Common Legal Mistakes Parents of Children with Special Education Needs Make, But Can Avoid: Part III

Published on April 4, 2009 by Jennifer Laviano

Part three in the Series: Unfortunately, prevailing in a legal dispute against your school district is very difficult, so if you can avoid some common traps, why not just avoid them?  If you’ve already done one of these things, don’t give up hope, but do try to rectify the situation.  If you haven’t done any of these things, DON’T, it could lose your case for you one day:

MISTAKE #3:  Saying “I will never allow my child back into your school district!”

You do not ever want to have prejudged an IEP before it has been offered.  Saying to an IEP Team, a staff member, or a Hearing Officer that you will never even consider returning your child to the school district is a death knell to your case.

Theoretically, your school district could offer an appropriate program to your child, and you will be perceived as having rejected an appropriate program based entirely on mistrust.  Your mistrust may be extremely well placed, and for many of my clients, it is.  But “I do not trust them” is not a strong legal argument to justify rejecting an appropriate program.  Therefore, hear them out first, and then if you don’t agree with the program let them know.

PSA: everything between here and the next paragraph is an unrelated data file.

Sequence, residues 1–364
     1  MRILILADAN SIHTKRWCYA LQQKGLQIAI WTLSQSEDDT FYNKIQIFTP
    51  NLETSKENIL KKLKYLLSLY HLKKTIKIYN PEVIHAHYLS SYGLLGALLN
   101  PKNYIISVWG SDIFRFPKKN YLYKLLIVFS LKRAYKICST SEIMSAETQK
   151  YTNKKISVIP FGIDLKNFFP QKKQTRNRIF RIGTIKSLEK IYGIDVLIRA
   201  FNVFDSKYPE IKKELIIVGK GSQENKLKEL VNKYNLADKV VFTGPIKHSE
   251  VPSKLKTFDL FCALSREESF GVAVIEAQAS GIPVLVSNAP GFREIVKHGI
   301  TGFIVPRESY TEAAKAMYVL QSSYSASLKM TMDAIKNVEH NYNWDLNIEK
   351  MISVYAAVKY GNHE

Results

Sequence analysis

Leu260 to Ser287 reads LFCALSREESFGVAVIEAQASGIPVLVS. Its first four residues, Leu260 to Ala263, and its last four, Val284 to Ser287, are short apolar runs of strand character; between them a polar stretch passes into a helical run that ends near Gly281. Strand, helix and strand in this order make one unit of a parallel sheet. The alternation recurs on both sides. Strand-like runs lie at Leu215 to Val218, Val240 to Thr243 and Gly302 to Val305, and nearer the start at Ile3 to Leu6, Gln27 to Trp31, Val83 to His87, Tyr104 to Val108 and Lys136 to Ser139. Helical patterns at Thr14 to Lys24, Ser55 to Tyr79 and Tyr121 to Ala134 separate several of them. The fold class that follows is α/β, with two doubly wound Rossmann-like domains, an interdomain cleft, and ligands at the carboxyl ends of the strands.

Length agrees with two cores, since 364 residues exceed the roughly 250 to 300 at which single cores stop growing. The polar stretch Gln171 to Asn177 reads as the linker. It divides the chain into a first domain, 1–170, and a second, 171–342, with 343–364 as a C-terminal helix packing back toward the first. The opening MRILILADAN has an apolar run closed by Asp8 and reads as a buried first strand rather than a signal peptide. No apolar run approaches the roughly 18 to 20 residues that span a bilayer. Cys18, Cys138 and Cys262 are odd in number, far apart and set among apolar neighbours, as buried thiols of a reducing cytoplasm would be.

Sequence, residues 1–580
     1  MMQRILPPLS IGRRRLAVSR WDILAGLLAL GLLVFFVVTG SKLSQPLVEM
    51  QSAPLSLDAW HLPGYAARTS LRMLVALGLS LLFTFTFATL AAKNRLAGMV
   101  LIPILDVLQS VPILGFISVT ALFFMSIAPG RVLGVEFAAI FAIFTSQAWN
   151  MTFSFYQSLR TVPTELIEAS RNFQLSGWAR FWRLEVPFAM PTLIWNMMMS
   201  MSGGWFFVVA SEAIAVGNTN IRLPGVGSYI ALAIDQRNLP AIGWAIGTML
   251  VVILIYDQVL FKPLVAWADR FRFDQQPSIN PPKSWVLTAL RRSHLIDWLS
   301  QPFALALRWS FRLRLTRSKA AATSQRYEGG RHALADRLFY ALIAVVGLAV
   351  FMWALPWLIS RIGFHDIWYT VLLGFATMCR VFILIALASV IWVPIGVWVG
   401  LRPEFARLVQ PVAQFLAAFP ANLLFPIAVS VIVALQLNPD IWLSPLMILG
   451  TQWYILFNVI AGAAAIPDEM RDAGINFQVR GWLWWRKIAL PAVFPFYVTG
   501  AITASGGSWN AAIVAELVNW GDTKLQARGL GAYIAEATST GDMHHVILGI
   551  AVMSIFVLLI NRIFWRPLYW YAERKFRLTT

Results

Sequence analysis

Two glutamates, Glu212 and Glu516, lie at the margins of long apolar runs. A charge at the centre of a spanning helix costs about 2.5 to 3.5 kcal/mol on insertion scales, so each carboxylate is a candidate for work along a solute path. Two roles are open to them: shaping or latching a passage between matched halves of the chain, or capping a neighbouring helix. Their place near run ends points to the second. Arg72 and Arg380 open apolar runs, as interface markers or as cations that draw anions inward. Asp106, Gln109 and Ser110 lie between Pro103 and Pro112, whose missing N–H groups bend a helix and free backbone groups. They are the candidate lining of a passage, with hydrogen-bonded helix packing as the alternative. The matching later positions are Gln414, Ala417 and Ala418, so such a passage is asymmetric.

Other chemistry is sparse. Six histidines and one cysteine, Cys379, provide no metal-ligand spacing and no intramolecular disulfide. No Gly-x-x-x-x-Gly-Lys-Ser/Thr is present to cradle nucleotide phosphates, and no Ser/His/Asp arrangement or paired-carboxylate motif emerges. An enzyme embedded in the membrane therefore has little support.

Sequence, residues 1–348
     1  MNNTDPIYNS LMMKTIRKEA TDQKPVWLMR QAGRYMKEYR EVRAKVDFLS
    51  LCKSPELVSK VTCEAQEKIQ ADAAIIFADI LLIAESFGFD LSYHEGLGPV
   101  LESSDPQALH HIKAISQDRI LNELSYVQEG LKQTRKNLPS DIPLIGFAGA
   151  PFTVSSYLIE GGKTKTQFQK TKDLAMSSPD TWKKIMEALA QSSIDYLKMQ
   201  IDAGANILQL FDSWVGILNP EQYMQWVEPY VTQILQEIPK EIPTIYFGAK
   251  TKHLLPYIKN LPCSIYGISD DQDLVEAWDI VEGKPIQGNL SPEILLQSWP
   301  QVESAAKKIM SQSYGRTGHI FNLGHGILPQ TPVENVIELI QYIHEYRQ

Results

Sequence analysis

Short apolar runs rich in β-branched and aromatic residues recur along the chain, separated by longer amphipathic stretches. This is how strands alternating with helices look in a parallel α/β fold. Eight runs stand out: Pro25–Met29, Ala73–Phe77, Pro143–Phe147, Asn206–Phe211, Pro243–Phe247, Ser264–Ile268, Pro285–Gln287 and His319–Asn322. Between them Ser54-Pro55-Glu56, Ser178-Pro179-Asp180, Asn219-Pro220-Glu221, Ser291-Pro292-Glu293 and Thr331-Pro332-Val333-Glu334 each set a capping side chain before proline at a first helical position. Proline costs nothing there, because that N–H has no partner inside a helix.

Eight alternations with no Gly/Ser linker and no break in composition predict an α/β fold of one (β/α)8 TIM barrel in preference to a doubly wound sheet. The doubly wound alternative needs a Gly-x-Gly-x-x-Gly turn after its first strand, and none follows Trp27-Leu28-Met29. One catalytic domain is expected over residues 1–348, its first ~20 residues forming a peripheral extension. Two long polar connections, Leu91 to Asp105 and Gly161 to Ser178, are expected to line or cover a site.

Same goes for not signing any contracts that commit you to sending your child to a private program before you’ve even had your Annual Review IEP.  It is usually acceptable to place a nominal “deposit” to secure your child’s spot at a private school before you’ve heard the proposed IEP, but if it is an amount of money that a Hearing Officer would find unreasonable to “walk away from” without sending your child to the private school, see if you can possibly hold off until the IEP meeting.

One Response to Common Legal Mistakes Parents of Children with Special Education Needs Make, But Can Avoid: Part III

  1. Rochelle Dolim
    August 24th, 2009 | 7:27 pm

    So, they just write what existing documentation shows to be an inadequate IEP and aim it at futile due process hearings. BTW, we’ve learn to ask for substantiating documentation … not say that we disagree with the IEP.